Art & Commerce: To Boldly Go

Ditch The Tried-And-True, Writes Susan Friedman, And Let The Creative Superstars Strut Their Stuff
I RECEIVED A CALL from the chief executive of one of the world’s largest ad agencies. He needed to hire an executive creative director–one who might even become chairman–to give a fresh identity to a firm whose creative image had ossified during the economic downturn of the early ’90s. The successful candidate had to be a name, a star, a brand: a Lee Clow, a Donny Deutsch, a Ted Bell.
We spent a full year on the project. The first five “brands” wouldn’t even talk. The sixth wanted his name on the door. The seventh and eighth candidates weren’t big enough names. The company then considered buying a hot shop to acquire its creative star.
How did it conclude? Let me put it this way: We earned our search fee, but there was no reward in the end.
That, in a nutshell, is the great dilemma facing the ad industry today. There aren’t enough creative brands to go around. The question is why?
Part of the problem is economics. But the biggest reason for the decline and fall of the creative impulse is the ad industry’s internally contradictory attitude toward creativity and creators.
First, economics. With the consolidation of the ad business and its financial pressures, agencies have cut back on training programs to the point where they are basically nonexistent. Globalization of markets has also made it difficult for boutique shops to form and thrive, eliminating a source of talent that was vital during the dawn of the creative revolution through the ’80s.
What’s more, consolidation has reduced the number of competitors from which one might hire. Indeed, you can argue that the world now consists of only four agencies and their subsidiaries. Typically, these giants are reluctant to shift creative talent among their holdings. But until the conglomerates encourage internal competition, thereby creating financial and psychic incentives for the truly talented to stay within the larger fold, they will continue to lose the future brand names to more desperate and deeper-pocketed competitors.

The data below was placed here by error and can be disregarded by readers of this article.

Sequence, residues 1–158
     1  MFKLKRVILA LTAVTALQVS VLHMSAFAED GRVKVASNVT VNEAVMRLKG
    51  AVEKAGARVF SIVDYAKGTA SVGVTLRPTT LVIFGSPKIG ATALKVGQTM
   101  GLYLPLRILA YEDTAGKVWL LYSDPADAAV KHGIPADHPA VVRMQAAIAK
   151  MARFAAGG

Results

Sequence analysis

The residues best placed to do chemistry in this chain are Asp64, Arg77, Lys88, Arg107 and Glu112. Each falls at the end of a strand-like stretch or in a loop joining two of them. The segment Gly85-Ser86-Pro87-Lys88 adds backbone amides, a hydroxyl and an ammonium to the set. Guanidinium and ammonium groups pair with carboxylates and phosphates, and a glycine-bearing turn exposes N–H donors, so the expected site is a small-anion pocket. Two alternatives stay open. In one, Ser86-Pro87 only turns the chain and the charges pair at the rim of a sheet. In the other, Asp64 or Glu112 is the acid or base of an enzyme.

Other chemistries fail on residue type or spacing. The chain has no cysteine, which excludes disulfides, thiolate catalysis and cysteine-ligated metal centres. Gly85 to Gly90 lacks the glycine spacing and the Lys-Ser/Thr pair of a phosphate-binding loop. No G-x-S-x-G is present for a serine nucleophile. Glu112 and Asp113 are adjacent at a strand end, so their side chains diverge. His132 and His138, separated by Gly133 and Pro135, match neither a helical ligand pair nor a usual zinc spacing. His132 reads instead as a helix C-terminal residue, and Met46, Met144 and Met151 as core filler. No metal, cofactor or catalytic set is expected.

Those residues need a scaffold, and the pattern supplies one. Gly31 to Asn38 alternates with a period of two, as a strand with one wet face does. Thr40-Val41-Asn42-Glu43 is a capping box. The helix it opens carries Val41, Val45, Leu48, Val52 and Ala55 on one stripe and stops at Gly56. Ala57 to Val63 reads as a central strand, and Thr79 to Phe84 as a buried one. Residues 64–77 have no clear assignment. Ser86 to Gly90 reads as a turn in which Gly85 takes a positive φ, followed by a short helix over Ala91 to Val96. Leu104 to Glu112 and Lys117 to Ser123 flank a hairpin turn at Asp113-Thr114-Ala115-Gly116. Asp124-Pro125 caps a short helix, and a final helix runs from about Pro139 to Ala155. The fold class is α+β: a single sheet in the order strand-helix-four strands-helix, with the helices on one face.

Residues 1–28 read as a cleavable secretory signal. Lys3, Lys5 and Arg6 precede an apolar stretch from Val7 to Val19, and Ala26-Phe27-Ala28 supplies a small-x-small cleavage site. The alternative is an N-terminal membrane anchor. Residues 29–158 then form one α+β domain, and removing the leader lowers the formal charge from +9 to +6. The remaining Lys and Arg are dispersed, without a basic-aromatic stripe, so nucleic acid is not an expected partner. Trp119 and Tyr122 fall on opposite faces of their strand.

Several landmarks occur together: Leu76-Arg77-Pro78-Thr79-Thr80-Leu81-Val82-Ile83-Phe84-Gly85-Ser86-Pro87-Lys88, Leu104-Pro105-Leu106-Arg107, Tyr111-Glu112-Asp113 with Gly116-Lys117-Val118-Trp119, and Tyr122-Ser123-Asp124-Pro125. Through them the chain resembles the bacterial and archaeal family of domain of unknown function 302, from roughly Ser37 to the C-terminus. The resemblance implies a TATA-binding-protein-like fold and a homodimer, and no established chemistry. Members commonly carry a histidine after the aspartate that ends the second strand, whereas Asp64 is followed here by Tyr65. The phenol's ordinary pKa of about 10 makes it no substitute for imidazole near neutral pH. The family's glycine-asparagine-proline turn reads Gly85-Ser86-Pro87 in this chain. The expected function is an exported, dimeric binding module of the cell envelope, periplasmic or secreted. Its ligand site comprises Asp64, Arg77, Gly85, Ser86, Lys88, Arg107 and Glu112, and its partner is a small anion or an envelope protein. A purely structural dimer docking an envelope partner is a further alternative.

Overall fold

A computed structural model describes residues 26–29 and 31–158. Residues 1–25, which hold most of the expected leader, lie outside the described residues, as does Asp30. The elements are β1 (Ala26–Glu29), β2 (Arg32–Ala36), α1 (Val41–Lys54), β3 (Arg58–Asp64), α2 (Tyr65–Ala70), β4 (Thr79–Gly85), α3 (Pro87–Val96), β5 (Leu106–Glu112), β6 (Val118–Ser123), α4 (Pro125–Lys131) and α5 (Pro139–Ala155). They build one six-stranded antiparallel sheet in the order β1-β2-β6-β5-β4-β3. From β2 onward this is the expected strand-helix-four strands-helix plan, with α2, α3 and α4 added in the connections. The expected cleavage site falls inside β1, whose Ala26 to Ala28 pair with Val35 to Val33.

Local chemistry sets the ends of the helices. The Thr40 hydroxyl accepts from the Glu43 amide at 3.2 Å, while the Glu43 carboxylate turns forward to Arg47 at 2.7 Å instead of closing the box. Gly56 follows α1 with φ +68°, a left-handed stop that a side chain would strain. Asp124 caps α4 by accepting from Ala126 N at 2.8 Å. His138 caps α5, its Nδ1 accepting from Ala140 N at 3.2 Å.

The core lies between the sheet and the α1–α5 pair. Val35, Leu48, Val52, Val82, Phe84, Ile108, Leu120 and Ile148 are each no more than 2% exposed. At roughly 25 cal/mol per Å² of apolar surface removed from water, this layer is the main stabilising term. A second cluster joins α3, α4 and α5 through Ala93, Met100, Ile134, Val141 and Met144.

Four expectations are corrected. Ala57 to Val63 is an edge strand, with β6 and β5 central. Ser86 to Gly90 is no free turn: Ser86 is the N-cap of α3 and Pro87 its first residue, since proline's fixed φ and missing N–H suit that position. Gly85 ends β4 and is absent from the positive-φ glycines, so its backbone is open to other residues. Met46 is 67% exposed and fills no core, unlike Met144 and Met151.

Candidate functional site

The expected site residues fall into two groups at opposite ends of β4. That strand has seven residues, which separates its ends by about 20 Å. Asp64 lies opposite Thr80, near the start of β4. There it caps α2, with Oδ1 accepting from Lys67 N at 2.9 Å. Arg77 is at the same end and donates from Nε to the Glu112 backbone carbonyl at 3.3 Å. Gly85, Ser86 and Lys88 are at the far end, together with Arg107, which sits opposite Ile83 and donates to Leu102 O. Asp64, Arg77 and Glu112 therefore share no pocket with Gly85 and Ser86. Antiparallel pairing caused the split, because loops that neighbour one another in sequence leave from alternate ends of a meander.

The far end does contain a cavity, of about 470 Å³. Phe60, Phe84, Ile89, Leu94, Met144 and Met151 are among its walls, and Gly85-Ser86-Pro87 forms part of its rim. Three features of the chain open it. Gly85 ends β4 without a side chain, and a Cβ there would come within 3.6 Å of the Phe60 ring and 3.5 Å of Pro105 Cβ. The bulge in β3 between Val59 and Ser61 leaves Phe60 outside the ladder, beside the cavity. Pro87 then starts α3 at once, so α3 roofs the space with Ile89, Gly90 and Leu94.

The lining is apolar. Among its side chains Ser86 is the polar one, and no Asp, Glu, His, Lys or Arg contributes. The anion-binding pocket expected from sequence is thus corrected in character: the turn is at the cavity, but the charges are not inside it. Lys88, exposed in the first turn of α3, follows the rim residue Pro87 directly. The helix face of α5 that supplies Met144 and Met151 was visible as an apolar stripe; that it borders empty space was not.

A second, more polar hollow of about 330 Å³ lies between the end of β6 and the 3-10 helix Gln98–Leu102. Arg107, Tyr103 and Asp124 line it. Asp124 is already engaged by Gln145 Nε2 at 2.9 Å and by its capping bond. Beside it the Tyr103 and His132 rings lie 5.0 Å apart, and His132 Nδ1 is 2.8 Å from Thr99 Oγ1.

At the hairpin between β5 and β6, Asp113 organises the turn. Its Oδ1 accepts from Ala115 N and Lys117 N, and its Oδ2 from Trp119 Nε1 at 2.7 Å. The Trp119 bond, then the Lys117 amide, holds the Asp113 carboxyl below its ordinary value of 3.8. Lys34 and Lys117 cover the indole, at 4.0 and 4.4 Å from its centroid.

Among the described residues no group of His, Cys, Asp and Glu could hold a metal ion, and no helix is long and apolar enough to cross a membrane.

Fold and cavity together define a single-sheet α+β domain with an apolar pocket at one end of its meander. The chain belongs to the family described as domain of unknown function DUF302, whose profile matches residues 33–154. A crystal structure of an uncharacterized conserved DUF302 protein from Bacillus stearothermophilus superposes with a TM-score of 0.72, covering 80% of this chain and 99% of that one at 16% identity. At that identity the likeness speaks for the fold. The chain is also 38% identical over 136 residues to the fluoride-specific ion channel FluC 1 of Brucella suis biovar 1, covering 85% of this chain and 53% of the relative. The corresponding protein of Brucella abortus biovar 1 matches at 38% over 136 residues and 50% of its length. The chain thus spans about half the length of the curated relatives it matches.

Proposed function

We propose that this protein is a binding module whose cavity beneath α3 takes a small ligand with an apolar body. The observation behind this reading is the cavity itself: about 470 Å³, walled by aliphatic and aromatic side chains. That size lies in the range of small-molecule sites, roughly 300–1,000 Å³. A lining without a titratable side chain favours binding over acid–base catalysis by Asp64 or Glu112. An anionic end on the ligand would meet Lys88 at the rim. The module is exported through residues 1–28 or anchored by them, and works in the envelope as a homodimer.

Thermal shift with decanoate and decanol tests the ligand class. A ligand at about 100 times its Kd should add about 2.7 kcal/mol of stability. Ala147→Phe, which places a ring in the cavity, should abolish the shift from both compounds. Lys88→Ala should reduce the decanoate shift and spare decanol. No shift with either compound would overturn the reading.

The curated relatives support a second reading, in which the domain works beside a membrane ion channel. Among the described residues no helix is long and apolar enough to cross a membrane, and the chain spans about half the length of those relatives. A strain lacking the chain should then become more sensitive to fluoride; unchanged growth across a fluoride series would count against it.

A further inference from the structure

Economics, however, pales in comparison to culture. The ad industry has turned itself into an unexciting place for real talent to strut their stuff. Amid an unprecedented economic boom, clients and agencies have, paradoxically, grown more conservative. Succumbing to fear, they depend on formula. At the very moment in marketing history when agencies and clients need to move beyond the double-page spread and the 30-second spot, they are recycling the tried, the true, the dull.
Creatives thrive on the new, the novel, the untested. And who’s providing that now? The Web and cable. Some creative talent is also moving to the growing number of marketers, like the Gap, which understand the dynamics of the “entertainment economy.”
“Entertainment” is the key word. From the dawn of Doyle Dane, the promise of advertising has been the opportunity it provides to entertain and influence an audience with creativity. Maybe the industry has lost sight of what made it alluring to its most daring entrepreneurs. In doing so, it might jeopardize or worse, eliminate, its very future.
But not mine. We started an interactive search division and a corporate creative consultancy. Hey, creative minds have got to go somewhere.

Susan Friedman is president of Susan Friedman Ltd. in New York, a consultancy founded in 1984. She handles search assignments, primarily in the creative arena, for agencies in the U.S. and around the world.